They can't be stopped with conventional pesticide. They can disable a huge industrial plant, and they short out electrical equipment. They eat animals as well as plants. Kill 100,000, and a million more ants will follow.

They're the "hairy, crazy ants," and they're overrunning Texas, Mississippi, Florida and Louisiana.


So many of these biting ants invaded one man's home in Mississippi, they actually made the walls of his camper bulge with the pressure of their nesting multitudes. Insecticide got rid of them for a day — and then they were back in much greater numbers. That seems to be part of why these ants are so fearsome — kill them, and they come back with multitudes. That man disappeared from his home, although it's not known if the ants were the reason he moved out.

For some reason, these ants are attacted to electrical systems, perhaps because of the warm temperatures and small enclosed spaces, entomologist Roger Gold with Texas A&M University tells io9. One worker ant will crawl inside an electrical cabinet or small relay or switch plate, looking for places to set up a new ant colony, and get itself electrocuted. And when it's electrocuted, its death releases a chemical cue to summon other ants to attack this threat to the colony. Joe MacGown with the Mississippi Entomological Museum tells io9:

They do seem to have the tendency to be attracted to electrical equipment. I don't know why myself. They've had them in their electrical boxes, they've had them in the light switches [and] other switching mechanisms... A worker ant, if it's damaged or injured, it sets off an alarm pheromone, so instead of one you have thousands setting off a short circuit.

The flea-sized ants are called "hairy" because they're covered with a dense fuzz that makes them look less glossy than other ants, to the naked eye. They're called "crazy" because each ant in a horde seems to move randomly, scrambling around so fast that the videos of them appear to be in fast-forward. They don't build anthills like other ants — instead, they prefer to nest in sheltered, moist areas.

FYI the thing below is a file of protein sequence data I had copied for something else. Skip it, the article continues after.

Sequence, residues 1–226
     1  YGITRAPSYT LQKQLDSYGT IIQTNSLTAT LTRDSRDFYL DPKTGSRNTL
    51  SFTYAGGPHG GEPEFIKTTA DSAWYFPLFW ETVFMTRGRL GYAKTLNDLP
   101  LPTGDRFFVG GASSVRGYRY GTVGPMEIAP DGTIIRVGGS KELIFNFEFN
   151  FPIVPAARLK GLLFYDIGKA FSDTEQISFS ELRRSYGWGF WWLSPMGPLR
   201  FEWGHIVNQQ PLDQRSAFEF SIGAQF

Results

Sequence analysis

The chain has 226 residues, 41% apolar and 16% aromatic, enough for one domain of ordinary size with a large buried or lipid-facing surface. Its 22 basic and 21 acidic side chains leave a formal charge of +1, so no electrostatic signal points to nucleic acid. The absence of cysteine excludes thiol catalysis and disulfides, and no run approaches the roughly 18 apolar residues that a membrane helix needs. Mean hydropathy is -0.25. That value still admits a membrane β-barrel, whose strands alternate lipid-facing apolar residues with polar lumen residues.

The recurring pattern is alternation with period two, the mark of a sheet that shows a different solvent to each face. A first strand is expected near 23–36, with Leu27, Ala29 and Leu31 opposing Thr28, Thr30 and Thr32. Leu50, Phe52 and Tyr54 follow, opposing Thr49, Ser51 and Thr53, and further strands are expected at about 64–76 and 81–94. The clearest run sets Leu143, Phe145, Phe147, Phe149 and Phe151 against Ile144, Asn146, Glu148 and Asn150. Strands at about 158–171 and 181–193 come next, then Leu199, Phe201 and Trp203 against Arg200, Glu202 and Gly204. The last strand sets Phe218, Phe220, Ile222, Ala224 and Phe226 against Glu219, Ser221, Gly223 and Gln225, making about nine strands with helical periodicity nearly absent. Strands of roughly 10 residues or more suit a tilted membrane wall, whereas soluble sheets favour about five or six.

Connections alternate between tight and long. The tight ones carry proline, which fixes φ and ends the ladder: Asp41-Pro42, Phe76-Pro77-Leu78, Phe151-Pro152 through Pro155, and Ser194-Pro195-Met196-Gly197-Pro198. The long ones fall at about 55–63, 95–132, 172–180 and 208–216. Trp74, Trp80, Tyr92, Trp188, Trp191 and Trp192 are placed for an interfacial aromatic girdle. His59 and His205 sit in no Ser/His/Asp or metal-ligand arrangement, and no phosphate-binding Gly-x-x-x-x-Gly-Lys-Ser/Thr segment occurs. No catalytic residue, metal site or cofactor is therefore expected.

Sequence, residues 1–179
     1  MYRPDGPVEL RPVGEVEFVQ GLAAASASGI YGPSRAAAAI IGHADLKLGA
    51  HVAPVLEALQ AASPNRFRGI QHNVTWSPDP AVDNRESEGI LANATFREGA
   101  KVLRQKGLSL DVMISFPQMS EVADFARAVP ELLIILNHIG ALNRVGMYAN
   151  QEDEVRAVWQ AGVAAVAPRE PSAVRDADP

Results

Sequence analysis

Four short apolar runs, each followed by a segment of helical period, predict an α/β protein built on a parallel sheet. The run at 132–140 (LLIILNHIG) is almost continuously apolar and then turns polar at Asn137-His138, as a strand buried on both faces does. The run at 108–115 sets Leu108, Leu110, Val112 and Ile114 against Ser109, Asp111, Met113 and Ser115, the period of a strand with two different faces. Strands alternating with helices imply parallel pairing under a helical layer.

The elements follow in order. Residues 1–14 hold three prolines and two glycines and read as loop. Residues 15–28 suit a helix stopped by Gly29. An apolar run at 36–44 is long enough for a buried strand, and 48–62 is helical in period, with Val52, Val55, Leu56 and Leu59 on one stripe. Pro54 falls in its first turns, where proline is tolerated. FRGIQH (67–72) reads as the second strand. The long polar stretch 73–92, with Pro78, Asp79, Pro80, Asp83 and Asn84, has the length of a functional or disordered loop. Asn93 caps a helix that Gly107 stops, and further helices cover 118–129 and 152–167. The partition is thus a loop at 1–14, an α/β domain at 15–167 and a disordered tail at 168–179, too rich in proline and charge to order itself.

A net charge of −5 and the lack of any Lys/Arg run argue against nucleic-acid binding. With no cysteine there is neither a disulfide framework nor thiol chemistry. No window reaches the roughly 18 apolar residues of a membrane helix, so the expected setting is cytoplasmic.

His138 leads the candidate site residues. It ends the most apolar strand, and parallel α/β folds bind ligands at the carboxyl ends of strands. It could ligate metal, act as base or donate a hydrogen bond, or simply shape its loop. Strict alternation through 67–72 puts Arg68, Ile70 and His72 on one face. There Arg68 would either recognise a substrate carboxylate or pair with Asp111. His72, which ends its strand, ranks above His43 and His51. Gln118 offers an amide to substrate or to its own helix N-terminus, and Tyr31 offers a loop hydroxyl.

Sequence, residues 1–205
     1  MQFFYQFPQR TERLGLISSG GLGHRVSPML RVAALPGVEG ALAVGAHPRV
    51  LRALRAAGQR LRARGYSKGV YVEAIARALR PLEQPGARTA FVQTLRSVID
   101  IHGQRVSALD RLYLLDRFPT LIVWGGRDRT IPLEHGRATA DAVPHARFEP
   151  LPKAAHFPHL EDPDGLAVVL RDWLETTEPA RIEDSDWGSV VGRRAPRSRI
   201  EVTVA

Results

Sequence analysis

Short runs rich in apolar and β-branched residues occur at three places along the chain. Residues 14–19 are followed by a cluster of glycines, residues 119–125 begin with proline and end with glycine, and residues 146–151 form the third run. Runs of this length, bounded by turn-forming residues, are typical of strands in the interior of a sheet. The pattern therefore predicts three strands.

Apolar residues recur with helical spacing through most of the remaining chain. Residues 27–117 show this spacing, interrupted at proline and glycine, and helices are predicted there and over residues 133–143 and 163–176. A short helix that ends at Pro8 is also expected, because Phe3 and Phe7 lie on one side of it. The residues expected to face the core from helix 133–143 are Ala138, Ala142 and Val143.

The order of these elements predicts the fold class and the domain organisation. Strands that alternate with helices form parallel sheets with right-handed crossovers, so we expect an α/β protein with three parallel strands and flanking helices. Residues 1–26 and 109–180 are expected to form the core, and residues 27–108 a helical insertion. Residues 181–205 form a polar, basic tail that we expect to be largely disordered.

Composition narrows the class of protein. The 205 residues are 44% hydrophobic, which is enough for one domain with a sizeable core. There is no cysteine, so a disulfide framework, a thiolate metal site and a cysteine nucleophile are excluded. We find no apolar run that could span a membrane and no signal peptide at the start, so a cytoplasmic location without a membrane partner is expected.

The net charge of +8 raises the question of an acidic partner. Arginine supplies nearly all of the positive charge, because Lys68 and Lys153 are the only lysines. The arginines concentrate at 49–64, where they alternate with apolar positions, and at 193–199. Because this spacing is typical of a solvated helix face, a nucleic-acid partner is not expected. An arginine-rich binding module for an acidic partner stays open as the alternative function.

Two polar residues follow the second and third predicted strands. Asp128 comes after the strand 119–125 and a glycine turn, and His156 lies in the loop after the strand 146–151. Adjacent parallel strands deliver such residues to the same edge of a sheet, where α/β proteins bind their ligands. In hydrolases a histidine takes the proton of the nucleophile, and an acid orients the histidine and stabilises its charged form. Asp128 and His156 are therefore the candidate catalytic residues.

And they're spreading rapidly throughout the Southern U.S., mostly via human commerce, says Gold. They can travel inside of hay bales going to farms, or wooden pallets. We don't know where they came from originally, although experts are doing DNA testing to try and match them to species in South America. But experts believe they came in shipping containers from South America or the Caribbean, since they were originally found near ports.


These ants do bite people, but their bite isn't dangerous, according to Gold and MacGown. "They absolutely will overrun a house," says Gold.

Adds MacGown:

The bite isn't that painful, they're not aggressive biters. It would just be a little nuisance. The problem is their immense numbers: hundreds of millions of workers taking over an area. They're a big nuisance. They get in electrical equipment. They've taken out honey bee hives and moved in. People are concerned with their moving about in, say, a hospital setting, carrying germs back and forth... You can walk in houses, where they're infested and you'll step on hundreds of live ants every step.


An Associated Press story quotes exterminator Tom Rasberry as saying that a computer system for controlling pipeline valves in a chemical plant shorted out twice due to the ants, but now he uses "overkill" with pesticides to keep them under control. Says Rasberry:

I did a test site with a product early on and applied the product to a half-acre ... In 30 days I had two inches of dead ants covering the entire half-acre. It looked like the top of the dead ants was just total movement from all the live ants on top of the dead ants.


The only good thing about the ants is they drive out other kinds, like fire ants, but MacGown says, "I prefer fire ants to these. I can avoid a fire ant colony."

Photos via Joe McGown/Associated Press.


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